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F E A T U R E S 8 A Graduation Address to FBI NA #277 – Angela Hawkins 10 Expanding the FBINAA Networking Reach – John Blackledge 12 Intelligence-Led Policing 14 Networking to Make our Communities Safer – Rob Moser
C O L U M N S 4 Association Perspective 5 National Office Update 7 Chapter Chat 16 Historian’s Spotlight
18 A Message from Our Chaplain 20 FBINAA Charitable Foundation 22 Staying On the Yellow Brick Road
E A C H I S S U E 6 Strategic / Academic Alliances
A D I N D E X – AMU 21 5.11 23 CRI-TAC – JFCU
EXECUTIVE BOARD Association President, Section I / KEVIN WINGERSON Assistant Chief, Pasadena Police Dept. (TX), email@example.com
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September/October 2019 | Volume 21/Number 5 The National Academy Associate is a publication of the FBI National Academy Associates, Inc.
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JOB POSTINGS NOW AVAILABLE
Howard Cook / Executive Director, Managing Editor Suzy Kelly / Editor
© Copyright 2019, the FBI National Academy Associates, Inc. Reproduction of any part of this magazine without express written permission is strictly prohibited.
The National Academy Associate is published bi-monthly by the FBI National Academy Associates, Inc., National Office, FBI Academy, Quantico, VA 22135.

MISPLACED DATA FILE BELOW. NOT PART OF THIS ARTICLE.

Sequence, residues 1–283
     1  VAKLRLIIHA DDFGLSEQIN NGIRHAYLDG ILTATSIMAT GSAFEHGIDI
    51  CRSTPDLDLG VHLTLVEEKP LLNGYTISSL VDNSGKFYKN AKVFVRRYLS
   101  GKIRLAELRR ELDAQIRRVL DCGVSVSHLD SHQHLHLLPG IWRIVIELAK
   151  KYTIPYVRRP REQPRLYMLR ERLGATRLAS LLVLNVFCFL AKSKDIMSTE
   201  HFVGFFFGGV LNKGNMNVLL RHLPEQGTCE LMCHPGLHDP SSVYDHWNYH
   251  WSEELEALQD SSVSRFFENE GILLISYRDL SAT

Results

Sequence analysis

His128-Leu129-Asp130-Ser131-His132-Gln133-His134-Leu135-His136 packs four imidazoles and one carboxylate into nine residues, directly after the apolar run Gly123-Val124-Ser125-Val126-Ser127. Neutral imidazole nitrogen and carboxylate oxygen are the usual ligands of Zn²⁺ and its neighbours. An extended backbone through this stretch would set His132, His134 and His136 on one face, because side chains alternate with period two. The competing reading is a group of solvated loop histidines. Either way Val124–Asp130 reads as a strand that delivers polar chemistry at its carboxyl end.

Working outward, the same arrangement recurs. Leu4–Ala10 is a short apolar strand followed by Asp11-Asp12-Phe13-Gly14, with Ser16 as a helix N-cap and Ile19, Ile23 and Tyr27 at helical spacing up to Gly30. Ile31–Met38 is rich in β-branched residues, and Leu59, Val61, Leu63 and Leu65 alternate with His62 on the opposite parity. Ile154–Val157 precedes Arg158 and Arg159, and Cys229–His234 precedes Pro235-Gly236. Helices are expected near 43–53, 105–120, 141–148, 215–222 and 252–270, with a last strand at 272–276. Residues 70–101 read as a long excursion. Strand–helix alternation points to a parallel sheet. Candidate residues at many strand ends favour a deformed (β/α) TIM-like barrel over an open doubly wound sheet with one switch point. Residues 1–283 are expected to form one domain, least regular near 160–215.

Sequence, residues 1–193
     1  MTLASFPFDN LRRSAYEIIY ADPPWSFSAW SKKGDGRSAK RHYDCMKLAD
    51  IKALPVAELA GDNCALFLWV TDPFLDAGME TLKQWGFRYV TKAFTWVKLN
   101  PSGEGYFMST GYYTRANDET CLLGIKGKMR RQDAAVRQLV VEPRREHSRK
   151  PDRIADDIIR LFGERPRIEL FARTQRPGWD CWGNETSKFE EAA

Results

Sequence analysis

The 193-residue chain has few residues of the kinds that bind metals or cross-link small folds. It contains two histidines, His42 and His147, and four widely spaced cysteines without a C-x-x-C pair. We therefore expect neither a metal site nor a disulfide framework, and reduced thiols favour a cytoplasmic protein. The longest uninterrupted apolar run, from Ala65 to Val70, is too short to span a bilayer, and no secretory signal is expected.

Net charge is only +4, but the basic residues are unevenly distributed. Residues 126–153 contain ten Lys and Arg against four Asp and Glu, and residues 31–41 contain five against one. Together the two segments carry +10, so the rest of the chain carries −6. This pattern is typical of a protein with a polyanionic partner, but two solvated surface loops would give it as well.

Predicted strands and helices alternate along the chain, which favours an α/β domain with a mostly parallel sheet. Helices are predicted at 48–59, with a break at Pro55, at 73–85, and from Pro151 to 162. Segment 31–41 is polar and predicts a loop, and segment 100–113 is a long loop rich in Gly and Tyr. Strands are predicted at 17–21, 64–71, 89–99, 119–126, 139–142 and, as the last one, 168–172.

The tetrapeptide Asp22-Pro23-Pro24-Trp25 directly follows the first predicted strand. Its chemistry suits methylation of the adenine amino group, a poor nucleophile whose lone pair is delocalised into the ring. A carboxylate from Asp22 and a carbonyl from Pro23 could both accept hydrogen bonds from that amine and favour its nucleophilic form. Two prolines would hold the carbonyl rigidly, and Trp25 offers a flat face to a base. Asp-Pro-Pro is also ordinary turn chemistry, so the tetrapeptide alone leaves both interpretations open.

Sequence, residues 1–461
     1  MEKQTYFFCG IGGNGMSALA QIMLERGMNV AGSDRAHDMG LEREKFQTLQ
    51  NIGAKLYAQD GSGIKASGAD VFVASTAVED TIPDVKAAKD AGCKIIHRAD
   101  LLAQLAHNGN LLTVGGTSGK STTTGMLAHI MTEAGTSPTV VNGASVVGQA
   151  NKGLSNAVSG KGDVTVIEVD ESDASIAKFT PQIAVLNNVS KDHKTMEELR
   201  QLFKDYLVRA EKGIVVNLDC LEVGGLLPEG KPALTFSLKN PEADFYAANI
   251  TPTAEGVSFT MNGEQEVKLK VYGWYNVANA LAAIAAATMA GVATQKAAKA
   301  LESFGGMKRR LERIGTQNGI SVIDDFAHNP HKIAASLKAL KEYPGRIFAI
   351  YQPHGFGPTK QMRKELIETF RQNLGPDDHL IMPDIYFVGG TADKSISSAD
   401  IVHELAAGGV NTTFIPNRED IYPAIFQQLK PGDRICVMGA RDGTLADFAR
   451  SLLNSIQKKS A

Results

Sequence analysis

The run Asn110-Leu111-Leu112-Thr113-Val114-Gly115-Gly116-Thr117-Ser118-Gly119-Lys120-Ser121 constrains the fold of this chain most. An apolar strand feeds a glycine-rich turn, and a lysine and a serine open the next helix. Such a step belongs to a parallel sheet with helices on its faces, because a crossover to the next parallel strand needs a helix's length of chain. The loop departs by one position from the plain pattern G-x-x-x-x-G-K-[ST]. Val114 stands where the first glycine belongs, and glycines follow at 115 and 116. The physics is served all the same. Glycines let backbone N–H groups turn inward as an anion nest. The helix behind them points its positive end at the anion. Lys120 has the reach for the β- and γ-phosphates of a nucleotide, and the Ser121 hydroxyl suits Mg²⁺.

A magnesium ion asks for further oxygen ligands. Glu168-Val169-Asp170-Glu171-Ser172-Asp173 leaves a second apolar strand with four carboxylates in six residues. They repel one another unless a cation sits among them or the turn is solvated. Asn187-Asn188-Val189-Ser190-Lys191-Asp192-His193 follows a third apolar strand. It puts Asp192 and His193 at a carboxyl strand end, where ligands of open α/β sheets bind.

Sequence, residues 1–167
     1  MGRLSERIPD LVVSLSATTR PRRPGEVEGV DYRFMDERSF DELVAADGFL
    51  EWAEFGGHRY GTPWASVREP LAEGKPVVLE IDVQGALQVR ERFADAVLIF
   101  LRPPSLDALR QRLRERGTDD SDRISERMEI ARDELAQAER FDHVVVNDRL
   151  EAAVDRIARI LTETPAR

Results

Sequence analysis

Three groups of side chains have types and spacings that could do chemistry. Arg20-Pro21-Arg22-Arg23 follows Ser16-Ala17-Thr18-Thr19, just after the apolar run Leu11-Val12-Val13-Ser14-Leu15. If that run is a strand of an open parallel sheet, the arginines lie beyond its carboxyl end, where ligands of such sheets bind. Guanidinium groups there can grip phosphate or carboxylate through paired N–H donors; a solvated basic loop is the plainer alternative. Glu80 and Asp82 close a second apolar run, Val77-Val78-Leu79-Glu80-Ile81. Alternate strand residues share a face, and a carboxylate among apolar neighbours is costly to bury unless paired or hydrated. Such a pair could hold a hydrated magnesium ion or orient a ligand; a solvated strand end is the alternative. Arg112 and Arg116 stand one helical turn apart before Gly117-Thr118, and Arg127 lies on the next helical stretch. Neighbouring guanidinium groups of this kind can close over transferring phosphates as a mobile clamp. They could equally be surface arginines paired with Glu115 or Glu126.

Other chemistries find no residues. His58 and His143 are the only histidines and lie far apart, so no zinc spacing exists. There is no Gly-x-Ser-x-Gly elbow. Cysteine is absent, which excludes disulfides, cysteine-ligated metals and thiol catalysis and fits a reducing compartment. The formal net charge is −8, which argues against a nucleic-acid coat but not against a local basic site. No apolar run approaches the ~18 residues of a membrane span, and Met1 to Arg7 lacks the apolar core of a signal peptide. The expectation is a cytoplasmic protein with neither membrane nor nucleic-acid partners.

Get your job posting in front of the strongest law enforcement leadership network in the world. FBI National Academy Associate members are active in our network, engaged in their careers, and open to new opportunities. Our network gives you the opportunity to reach senior law enforcement executives with an abundance of talent and experience. Our NEW Job Posting Board allows you to match your organization's position to the most qualified profession- als in the industry. REACH QUALIFIED LAW ENFORCEMENT EXECUTIVES TO JOIN YOUR TEAM
The FBI National Academy Associates, Inc. is a private, non-profit organization and is not part of the Federal Bureau of Investigation or acting on the FBI’s behalf. Email editorial submissions to Suzy Kelly: email@example.com. Submissions may vary in length from 500-2000 words, and shall not be submitted simultaneously to other publications. Email Chapter Chat submissions to Susan Naragon: firstname.lastname@example.org by the 1st of every even month. The FBI National Academy Associates, Inc., the Executive Board and the editors of the National Academy Associate neither endorse nor guarantee completeness or accuracy of material used that is obtained from sources considered reliable, nor accept liability resulting from the adoption or use of any methods, procedures, recommendations, or statements recommended or implied.